- The fact that the "original" Minerva here is made in an alloy of copper-tin-lead* which is just like the known constituents of Roman leaded bronze figurines of this period and that unlike the purported copy it appears so have lost it's hands antiquity, and given it's known provenance, suggests very strongly, that it is a genuine Roman bronze of the period roughly 1st -3rd century.
- Though the other piece whose alloy contains zinc appears to have been cast from mould taken of another which did not have hands (see the notes about the break points above) this metal analysis is not absolute proof of it's modernity. However, taken in context, the fact of where it came from and the existence of all the others, it is almost impossible to consider it other than a modern fake. The additional tin and lead in the alloy and the iron content especially, ( note that the other contains no iron at all) makes it even more likely that it is a modern alloy.
Procedures for sample preparation for XRF analysis vary considerably in the cases of in situ or intrusive measurements. Solid sample must be polished to assure surface homogeneity, while powders are usually pressed into pellets.
The XRF tests carried out on these two figurines by a commercial organization were not by any means as sophisticated or careful as such tests normally undertaken by archaeologists and the surfaces were tested without any polishing.
The result are subject to error by virtue of "surface enrichment" which is essentially an enrichment of some of the metal elements at the surface due to corrosion processes and hence the surface does not always directly reflect the internal composition.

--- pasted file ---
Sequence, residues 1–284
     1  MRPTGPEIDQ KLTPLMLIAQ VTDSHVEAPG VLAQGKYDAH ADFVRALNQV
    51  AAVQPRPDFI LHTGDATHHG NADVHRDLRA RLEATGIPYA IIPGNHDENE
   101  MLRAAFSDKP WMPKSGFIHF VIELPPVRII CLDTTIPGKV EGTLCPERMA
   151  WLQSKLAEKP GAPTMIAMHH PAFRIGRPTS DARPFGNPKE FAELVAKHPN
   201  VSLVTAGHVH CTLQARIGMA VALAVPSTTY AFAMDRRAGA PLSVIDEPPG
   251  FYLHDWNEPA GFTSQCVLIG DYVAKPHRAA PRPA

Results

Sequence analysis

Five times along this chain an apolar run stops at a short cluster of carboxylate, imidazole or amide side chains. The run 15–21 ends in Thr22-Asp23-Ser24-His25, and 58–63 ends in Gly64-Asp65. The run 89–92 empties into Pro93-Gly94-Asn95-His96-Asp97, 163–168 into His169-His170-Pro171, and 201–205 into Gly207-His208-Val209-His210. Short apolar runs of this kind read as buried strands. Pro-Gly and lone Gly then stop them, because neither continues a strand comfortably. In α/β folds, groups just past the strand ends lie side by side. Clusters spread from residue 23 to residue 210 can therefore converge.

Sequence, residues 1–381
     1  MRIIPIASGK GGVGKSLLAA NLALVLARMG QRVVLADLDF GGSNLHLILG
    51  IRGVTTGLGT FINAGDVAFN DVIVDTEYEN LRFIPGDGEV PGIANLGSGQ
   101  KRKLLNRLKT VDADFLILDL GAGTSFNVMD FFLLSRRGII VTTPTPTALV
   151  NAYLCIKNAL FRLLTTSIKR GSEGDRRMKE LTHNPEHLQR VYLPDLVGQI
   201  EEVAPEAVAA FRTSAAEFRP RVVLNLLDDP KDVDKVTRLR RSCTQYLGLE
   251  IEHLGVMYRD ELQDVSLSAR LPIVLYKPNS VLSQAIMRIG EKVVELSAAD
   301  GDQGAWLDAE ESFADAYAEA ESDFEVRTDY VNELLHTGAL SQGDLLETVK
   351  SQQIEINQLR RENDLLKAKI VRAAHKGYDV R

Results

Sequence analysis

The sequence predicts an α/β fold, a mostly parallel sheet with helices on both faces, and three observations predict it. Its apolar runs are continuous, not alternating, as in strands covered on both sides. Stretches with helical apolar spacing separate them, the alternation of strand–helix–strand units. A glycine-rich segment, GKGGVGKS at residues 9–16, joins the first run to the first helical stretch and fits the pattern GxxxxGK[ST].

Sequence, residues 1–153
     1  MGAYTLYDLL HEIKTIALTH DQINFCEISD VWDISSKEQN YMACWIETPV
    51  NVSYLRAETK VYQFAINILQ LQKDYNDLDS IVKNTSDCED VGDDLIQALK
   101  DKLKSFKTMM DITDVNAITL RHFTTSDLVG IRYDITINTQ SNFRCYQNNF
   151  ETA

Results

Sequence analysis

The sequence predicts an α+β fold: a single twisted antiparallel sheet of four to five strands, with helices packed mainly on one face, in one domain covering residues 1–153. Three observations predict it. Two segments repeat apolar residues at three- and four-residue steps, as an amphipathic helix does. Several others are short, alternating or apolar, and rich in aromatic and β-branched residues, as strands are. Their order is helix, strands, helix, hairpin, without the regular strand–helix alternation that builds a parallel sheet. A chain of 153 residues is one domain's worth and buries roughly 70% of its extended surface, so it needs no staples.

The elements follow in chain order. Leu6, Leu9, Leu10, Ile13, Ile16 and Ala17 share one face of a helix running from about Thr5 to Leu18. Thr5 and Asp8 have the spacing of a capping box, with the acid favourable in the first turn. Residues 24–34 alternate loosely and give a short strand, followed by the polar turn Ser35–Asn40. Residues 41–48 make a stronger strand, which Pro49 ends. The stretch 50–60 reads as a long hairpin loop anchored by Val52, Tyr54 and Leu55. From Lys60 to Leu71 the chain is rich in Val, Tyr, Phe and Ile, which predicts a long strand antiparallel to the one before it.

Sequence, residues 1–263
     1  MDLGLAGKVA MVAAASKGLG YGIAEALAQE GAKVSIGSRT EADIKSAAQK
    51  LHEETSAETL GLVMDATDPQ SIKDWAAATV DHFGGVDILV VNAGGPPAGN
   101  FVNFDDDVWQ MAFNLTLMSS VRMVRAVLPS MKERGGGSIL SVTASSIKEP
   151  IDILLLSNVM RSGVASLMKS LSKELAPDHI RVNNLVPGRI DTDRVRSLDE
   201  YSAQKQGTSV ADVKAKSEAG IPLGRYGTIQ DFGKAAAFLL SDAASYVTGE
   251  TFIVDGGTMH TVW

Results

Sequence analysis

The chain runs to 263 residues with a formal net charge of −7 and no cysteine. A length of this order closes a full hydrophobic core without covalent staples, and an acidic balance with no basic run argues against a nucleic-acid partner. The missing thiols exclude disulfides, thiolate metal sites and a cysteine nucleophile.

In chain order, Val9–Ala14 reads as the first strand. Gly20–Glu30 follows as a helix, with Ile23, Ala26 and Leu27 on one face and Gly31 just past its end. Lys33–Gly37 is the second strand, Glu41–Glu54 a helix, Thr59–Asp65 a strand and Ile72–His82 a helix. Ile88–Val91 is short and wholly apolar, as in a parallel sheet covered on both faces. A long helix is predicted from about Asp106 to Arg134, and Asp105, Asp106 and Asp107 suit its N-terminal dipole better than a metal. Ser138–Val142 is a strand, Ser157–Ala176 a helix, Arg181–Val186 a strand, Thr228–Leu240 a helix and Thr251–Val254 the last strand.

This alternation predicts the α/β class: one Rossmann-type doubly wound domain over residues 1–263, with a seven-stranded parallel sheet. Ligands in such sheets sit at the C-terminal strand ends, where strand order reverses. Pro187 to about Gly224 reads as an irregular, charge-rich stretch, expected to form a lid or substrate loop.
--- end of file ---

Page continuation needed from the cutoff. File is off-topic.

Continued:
Some information about the use of this technique with faience objects.
That all said, the conclusions we can come to about these two pieces are rather likely to be correct.
Ideally I'd like to have another one or two of these Minerva pieces analysed.
Let me know if you see one for sale anywhere! Or if you would like to lend me yours......?
E. R. Caley: Orichalcum and Related Ancient Alloys, American Numismatic Society Publication, no. 151 (New York, 1964)
P. T. Craddock, ed.: 2000 Years of Zinc and Brass, British Museum Occasional Papers, no. 50 (London, 1990, rev. New Castle, DE and London, 3/1998)
PT Craddock: : "Zinc in classical antiquity
Discusses the evidence for the existence of metallic zinc in the classical world. Particularly deals with the well-known passage in Strabo's Geography concerning the mines at Andreida. Suggests this is a reference to a silver smelting process that produced speiss as a waste product, and small objects of metallic zinc as at the 17th-century German silver mines at Goslar.
23rd December 2009
Something appearing on the market more recently.
Variously described, usually as "Roman" and often with the tag "erotic".
Neither Roman nor erotic!